“Some children clear hurdles without difficulty while others struggle and bounce back most of the time. Quinn will walk when he's ready. Life isn’t a race, Mrs. Talmadge; it’s not supposed to be a race. You’ll be surprised what your son achieves if you don't rush him. My only suggestion is to take Quinn home and let him progress at his own pace."




Let's learn a little more about our author here.


L. Anne, what inspired you to write? When did you decide you wanted to become an author?

I did a lot of writing for fun when I was a child. My first published work appeared in a local newspaper when I was 18. I was on my high school's newspaper staff and literary journal club. You could say the writing bug bit early, but I didn't take an actual shot at it until 2009.

Well, it's never too late, in my opinion. ;)

Do you write novels full time or, as a lot of writers have these days, do you also have another job?

Aside from occasional freelance work, I write novels full time, aiming to get out a new book once every six months or year.

Wow! Sounds like a plan.
So, how do you come up with your book ideas? Are you the kind of writer who plans everything out in advance or do you just let the story develop naturally?

Sometimes things pop into my head and I think, “This would make a good book!” Other times I’m inspired by actual life events. Depending on what I’m writing at the time, story lines can either be planned out or naturally go its own way. For the Power Play Series, I kept notebooks full of ideas.

Whatever works for you!
Let's try something else.

Name three quick words that describe you.
Quirky, creative, driven.

All right.


I know it's hard to choose, but tell us if you can. Who is your favorite character out of all your books? 


At present, it’s Alex Galloway Talmadge from the first two Power Play books. She appears crass at times, but a tough woman who doesn’t give up easily. She has an independent streak, proves she’s tough in the sport of hockey as her male counterparts, yet also loving and devoted to her spouse and children.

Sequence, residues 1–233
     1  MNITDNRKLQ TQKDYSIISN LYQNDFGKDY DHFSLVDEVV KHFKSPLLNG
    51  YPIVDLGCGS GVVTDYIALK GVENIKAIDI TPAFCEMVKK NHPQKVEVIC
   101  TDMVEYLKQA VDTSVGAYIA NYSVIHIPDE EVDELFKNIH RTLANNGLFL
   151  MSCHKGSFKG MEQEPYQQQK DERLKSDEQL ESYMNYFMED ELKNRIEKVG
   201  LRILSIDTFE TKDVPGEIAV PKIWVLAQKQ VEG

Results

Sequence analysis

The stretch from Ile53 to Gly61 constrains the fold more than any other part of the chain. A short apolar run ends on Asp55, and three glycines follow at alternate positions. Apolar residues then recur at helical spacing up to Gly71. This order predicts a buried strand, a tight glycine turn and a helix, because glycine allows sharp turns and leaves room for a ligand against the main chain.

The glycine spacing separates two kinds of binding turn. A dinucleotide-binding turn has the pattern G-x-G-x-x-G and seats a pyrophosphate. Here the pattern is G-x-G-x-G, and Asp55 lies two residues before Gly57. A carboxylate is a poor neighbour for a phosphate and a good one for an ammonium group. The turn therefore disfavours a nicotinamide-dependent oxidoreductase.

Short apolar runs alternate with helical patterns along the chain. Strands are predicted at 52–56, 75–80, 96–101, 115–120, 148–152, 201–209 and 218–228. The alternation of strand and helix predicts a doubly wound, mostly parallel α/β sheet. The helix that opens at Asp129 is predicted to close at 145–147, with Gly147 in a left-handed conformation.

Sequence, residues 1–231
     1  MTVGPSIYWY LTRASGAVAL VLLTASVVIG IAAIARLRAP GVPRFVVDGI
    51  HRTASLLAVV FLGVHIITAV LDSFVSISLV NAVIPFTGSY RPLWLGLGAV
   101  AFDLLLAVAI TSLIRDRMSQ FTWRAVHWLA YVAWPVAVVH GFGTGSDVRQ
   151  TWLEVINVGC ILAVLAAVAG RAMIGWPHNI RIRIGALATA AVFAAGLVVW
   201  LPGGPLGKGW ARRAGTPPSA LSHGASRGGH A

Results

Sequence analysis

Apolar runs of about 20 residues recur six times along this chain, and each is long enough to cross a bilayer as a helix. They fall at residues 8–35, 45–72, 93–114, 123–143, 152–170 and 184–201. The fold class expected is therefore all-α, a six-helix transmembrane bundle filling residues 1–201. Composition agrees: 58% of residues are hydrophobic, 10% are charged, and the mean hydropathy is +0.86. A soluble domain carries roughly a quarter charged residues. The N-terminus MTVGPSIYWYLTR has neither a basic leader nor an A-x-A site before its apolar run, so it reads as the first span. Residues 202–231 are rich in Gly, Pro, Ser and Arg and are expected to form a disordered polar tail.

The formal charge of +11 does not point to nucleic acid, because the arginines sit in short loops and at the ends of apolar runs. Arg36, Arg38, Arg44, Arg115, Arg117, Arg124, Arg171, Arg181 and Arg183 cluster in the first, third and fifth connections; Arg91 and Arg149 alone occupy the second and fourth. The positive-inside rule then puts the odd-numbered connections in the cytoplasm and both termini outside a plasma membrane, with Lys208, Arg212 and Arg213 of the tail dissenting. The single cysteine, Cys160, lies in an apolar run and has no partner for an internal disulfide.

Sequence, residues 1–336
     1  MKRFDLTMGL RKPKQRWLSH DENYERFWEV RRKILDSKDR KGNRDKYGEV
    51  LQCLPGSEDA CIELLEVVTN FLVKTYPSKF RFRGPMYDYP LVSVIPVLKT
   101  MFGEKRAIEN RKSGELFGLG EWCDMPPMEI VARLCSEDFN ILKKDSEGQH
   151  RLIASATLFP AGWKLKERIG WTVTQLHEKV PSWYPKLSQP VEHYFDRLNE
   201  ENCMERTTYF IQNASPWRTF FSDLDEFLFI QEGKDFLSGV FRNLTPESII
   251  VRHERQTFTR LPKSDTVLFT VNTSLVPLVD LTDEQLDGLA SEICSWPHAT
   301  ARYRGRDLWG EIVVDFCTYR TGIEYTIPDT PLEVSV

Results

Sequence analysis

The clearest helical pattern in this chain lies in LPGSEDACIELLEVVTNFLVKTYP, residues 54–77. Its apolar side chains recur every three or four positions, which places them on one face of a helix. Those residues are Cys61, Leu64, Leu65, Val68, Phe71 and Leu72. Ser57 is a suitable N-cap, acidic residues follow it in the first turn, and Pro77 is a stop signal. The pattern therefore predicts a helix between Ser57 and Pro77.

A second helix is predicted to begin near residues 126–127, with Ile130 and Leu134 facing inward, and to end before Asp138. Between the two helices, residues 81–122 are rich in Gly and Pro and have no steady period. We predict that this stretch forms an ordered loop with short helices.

Sounds like a cool character!


Paint a picture for us, a day in the life of you as an author when you're focused on writing a book. What tasks do you tackle first, middle and last?


Coffee before everything (Laughs.)! I’ll usually go back and re-read what was written the previous day and make any changes and/or correct any errors I’ve spotted. In a perfect writing world, first drafts would suffice before being sent to the publisher; unfortunately, that’s not the case in reality. Even fourth or fifth drafts need additional revisions. Once I’ve tweaked things to my satisfaction, the next few hours - with occasional breaks or unexpected interruptions - are spent writing new chapters, pondering additional ideas, or doing research if needed.


Oh, yes, I hear you. It seems we can never get our work perfect enough. 


So, I see you write sports fiction, or sometimes sports romance. Do you find that challenging, or does it come naturally to you?


It’s come naturally to me since it’s mainly what I write aside from the occasional nonfiction work.




Is the third book the last book of the Power Play Series, or will there be more in the future?